Where Was This 13 Years Ago?

In some parts of North Africa and the Middle East, the camel remains
the primary means of long-distance transportation. These remarkable
animals are intelligent and strong, and they possess incredible
endurance. They can also be quite fast: some camels can briefly attain
speeds up to 40 miles per hour (64 km/h). While their speed makes them
ideal for racing—camel races are very popular in many parts of
the world—it can provide a camel rider with a harrowing,
potentially deadly experience if a camel is spooked or otherwise begins
to run out of control.

  1. Stay calm. The camel will eventually stop. In
    fact, a runaway camel will usually regain its composure and slow down
    pretty quickly. Until it does, you need to keep your wits about you.
  2. Hang on to the reins. Because camels are cud-chewing animals
    (they are constantly chewing), their reins are usually attached to a
    peg inserted into the nose, as opposed to being attached to a bit in
    the mouth, as is the case with horses. Thus, unlike with a horse, you
    can’t try to steer an out-of-control camel by pulling hard on the
    reins. A hard pull will break the reins or, worse, tear the peg out of
    the camel’s nose, which will cause it to panic even more. While you
    don’t want to pull on the reins too much
    , you do want to make sure to
    keep hold of them so you can steer the camel once it slows down.

    • A seated camel.  Note the head halter.
      A seated camel. Note the head halter.
      the reins are attached to a head halter, as is often the case with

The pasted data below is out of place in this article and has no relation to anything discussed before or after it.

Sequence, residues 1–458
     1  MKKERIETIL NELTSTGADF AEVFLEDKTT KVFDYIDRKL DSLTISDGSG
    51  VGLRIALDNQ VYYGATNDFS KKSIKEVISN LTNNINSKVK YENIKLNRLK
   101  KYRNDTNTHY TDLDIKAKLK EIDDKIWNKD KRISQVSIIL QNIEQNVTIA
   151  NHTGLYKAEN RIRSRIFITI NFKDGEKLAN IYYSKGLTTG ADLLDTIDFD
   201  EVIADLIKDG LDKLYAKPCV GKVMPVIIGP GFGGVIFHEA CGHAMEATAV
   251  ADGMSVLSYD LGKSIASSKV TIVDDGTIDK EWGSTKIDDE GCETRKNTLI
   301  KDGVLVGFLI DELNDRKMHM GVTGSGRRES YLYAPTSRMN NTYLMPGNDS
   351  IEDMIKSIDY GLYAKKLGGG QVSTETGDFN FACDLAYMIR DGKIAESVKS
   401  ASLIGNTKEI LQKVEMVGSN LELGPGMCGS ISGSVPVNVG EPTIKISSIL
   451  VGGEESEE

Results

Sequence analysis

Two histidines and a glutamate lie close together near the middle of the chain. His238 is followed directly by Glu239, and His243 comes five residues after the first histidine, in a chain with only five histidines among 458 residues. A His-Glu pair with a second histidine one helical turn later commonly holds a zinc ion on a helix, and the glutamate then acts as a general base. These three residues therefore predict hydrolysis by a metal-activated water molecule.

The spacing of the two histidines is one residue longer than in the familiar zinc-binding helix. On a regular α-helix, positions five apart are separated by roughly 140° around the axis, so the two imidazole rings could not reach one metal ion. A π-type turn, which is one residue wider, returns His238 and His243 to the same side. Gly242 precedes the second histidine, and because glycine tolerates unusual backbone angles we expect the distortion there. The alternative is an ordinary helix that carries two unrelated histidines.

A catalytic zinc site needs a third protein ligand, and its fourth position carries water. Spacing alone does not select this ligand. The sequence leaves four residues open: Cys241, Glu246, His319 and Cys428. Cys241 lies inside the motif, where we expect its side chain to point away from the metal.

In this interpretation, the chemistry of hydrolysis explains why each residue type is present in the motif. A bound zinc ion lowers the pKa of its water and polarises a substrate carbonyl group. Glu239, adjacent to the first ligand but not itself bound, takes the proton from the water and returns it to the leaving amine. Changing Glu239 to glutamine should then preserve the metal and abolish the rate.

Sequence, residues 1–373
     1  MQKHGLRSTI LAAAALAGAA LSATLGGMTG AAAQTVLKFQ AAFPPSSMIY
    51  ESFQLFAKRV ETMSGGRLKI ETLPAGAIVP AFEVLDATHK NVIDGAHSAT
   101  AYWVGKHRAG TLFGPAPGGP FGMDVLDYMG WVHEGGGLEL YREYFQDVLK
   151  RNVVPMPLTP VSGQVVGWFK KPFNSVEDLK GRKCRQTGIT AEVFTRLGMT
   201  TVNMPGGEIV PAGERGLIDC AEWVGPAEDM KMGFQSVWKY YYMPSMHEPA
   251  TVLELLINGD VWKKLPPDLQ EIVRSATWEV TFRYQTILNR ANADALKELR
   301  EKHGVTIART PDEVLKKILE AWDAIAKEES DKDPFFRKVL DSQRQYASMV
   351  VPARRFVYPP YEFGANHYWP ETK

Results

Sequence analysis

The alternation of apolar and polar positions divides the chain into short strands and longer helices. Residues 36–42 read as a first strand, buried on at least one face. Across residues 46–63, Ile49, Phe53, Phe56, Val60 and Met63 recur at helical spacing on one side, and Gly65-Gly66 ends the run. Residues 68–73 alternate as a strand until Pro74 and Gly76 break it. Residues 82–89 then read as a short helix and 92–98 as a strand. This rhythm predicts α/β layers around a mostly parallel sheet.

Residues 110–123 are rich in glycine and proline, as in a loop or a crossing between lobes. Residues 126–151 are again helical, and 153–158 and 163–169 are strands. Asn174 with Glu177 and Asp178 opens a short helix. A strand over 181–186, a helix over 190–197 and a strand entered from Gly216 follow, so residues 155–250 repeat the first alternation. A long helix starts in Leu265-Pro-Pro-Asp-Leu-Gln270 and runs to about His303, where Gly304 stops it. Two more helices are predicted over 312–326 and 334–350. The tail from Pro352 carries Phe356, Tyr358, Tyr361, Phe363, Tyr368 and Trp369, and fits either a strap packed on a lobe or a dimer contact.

camels that are ridden on tourist expeditions, you can pull on the
      reins to get the camel to turn in a circle and, eventually, slow down.
      Work with the camel, not against it. Pull the reins to the side that
      the camel wants to turn its head. If the camel decides to turn its head
      the other way, allow it to do so, and pull the rein on that side
  3. Consider a quick dismount. If the camel is just starting to
    pick up speed and won’t respond to commands to stop, consider sliding
    off. This is especially useful if you have lost the reins. Kick out of
    the stirrups and attempt to hit the ground running, bending your knees
    slightly as you land. Note that this should not be attempted at high
    speeds unless there is impending danger ahead (a cliff, for example).
    Once you’re on the ground, try to grab the reins. The camel will most
    likely come to a stop once you have the reins in your hands again.
  4. Hang on. The camel will eventually stop. Your goal is to hold
    on until it does
    . Press yourself to the camel to lower your center of
    gravity, grip the camel between your legs, and hold the horn of the
    saddle. If you aren’t using a saddle, just hold on as well as you can,
    and try to lean back a little so that you avoid riding near the tip of
    the hump, which will be a very bumpy ride at high speeds.
  5. Get off the camel once you have it under control. Once the
    wild ride is over, have the camel sit. Dismount and continue to hold
    the reins.


How to Regain Control of a Spooked Camel

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